We crest the rim of the canyon after the last climb of the day feeling satisfied and triumphant, just as the full moon begins its rise on the eastern horizon, a moody yellow orb growing in size and dominance through the sky. My friend Sarah and I have just linked up all six walls in the Linville Gorge of North Carolina—over a dozen miles of hiking and a dozen steep pitches of climbing in just as many hours—an enchainment locally known as the Linville Crusher.
Photo by Bryan Miller.
Hours of thought and large chunks of our hearts went into dreaming, planning and completing the challenge. And yet, as we draw to a finish, the moon dwarfs us and overpowers our LED headlamps, spotlighting our tiny statures in this grand landscape. Our effort drawing to a close, and our minds drifting back to the world we departed that morning, we can’t help but think: We are so small, so inconsequential, and really, our accomplishments mean very little.
At the time of this writing, politics deeply divide our country. Many–from both sides–feels as though their basic needs are not being met. Our nation’s wild areas are under threat. And all this in just in our little corner of the planet. I don’t know if our world’s issues are deepening or if I am just growing more aware, attempting to be a responsible and informed citizen. Perhaps it is a little of both. Regardless, I have started to question how much time and energy I spend thinking about and fulfilling my dreams of rock faces and far-off mountains, road trips and self-inflicted sufferfests when deeper issues seem to be at stake.
It occurs to me that, as we move past the national election, we have a nation that needs to heal. And as extra-curricular and recreational our time in the outdoors often feels, I believe that it plays a vital role in this healing. The wilderness is where we are our best selves, it’s where we experience life at its fullest. And it’s when we go outdoors with others that I think we break down barriers and have deeper relationships.
This may be an essential time to be people of action in our world, but the wilderness remains one of our healthiest and most grounding springboards. On one hand, escaping to the great wide open might be an excuse from participating in the realities of our world; on the other hand, it might be exactly what we need to be people of positive influence. Consider these three reasons why our outdoor recreational pursuits still matter:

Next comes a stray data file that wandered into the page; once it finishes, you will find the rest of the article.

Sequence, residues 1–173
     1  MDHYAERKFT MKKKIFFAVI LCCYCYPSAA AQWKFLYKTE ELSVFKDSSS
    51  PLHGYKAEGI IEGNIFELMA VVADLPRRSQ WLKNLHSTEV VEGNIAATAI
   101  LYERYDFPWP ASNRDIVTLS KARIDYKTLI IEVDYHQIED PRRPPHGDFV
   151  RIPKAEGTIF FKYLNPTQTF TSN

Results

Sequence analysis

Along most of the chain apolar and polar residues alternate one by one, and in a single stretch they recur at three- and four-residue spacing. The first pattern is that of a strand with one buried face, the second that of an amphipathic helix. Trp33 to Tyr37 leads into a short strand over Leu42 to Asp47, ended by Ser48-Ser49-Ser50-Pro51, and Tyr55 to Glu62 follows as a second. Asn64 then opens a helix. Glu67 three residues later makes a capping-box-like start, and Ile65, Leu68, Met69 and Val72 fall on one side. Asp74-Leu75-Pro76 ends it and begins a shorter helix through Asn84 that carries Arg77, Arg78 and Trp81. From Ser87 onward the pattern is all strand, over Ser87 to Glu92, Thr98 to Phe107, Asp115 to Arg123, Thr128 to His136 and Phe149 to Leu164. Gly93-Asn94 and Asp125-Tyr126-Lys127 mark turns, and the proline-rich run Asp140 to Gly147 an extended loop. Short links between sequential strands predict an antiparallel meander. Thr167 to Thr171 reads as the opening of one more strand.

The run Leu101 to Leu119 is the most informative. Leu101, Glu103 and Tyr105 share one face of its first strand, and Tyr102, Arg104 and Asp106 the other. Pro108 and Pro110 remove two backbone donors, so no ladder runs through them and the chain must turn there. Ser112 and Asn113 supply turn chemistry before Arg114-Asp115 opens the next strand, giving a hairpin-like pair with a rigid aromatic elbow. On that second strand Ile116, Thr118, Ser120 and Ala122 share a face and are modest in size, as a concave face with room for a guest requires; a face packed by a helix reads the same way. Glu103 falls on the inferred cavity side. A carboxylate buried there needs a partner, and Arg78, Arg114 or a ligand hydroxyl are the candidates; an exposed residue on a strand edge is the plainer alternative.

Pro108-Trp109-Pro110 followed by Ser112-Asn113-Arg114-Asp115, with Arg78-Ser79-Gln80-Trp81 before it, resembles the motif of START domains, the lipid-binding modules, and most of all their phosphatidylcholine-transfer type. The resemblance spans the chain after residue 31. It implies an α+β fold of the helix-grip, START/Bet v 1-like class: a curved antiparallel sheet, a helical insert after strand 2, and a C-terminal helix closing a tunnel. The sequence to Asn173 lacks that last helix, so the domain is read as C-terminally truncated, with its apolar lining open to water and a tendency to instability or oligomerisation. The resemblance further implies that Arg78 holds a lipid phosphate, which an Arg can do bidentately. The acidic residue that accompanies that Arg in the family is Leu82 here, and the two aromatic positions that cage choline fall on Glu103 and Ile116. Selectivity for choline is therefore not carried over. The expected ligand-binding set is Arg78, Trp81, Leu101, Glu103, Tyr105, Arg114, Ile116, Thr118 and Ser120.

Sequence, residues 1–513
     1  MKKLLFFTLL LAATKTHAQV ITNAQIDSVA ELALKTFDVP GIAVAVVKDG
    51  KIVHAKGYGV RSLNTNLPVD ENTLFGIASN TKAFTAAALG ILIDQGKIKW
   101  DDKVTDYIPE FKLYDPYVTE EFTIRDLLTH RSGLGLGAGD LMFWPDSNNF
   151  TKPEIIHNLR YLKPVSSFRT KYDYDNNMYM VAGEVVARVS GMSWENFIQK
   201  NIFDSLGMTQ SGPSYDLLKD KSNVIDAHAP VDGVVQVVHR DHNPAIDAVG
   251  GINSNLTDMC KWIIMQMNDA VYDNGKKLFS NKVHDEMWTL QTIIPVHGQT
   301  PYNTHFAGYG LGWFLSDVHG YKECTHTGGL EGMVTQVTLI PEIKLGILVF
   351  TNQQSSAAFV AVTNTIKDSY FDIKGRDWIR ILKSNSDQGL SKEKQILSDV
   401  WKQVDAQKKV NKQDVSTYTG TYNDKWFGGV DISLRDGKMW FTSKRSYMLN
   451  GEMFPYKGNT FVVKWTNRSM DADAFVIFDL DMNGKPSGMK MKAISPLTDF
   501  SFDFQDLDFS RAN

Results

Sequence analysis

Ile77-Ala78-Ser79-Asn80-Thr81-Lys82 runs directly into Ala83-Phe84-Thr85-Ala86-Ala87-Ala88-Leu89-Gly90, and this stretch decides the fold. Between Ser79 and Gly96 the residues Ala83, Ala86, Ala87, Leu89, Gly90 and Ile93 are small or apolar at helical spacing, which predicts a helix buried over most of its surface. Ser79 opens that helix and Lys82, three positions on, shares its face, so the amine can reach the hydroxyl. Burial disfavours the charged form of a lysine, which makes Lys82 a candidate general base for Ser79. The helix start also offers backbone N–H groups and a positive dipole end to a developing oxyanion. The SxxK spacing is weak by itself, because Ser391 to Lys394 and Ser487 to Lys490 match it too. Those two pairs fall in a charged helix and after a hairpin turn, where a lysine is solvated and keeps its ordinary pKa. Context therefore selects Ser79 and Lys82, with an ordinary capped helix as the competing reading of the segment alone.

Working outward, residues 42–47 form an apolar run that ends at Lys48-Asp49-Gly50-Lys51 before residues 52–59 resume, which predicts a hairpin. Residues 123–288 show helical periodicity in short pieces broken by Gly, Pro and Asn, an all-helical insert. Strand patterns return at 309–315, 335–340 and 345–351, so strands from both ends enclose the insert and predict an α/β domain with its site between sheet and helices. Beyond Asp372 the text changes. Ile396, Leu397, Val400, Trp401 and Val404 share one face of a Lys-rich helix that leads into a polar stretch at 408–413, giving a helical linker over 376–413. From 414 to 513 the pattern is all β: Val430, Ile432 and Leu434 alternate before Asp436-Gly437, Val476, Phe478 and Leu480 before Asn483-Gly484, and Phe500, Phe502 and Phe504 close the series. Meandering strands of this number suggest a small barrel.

1. Outdoor recreation teaches us to dream big.
Photo by Bryan Miller.
How many of us have considered a 50K race, a solo trip to Thailand, or summiting a sheer rock face, and thought I could never, ever do that. How many of us have then—a few months later, maybe many years later— accomplished the impossible? Outdoor pursuits teach us to push past a great deal of personal fear and believe in the power of our bodies and minds. This self-confidence and boldness of belief is vital in the world now more than ever.
2. The wilderness offers perspective and connection.
Photo by Forest Woodward.
The car motors away from work demands and phone chimes and the bustling city onto single-lane highways, out of cell service; gravel roads now lead to trailheads, to high mountain passes and sore and satisfied muscles with only the possessions carried on one’s back. A night spent under a black canopy littered with stars, in the company only of each other, offers conversation, reflection, perspective, clarity. Even millennia ago, some of our world’s best thinkers ventured to the wilderness for periods of reflection. The wilderness helps us be patient with ourselves and others—stripped of worldly stimulation and responsibilities, we can be totally present.
3. It’s a marathon, not a sprint.
I once had a friend tell me, “To be a long-distance freedom fighter you’ve got to step back and take care of yourself every now and then.” There will always be pain in our world that requires our awareness and engagement. We may think that attention diverted from troubling events in our world is wasted, but we all need rest, time to attend to our needs, and time to participate in activities that bring us joy and lightness. Consider it a simple water break on your race: It is absolutely essential to stop in order to continue forward.
So, here’s a challenge to all of us. Let’s get out into wild places, push ourselves, stay active and healthy and strong. Climb a dozen pitches while hiking a dozen miles in that many hours, ski the couloirs, kayak the fjords. Keep living life well and creating positive energy, so we know intimately what we’re aiming for as a human race. Fight our own tiny revolutions with our own tiny lives. And then, allowing the moon to at once light our way and keep us humble, let’s take this personal growth, belief in the impossible, connection and perspective, and rest and recovery that we have gained and get out into the world. Because, well, there sure is some work to do.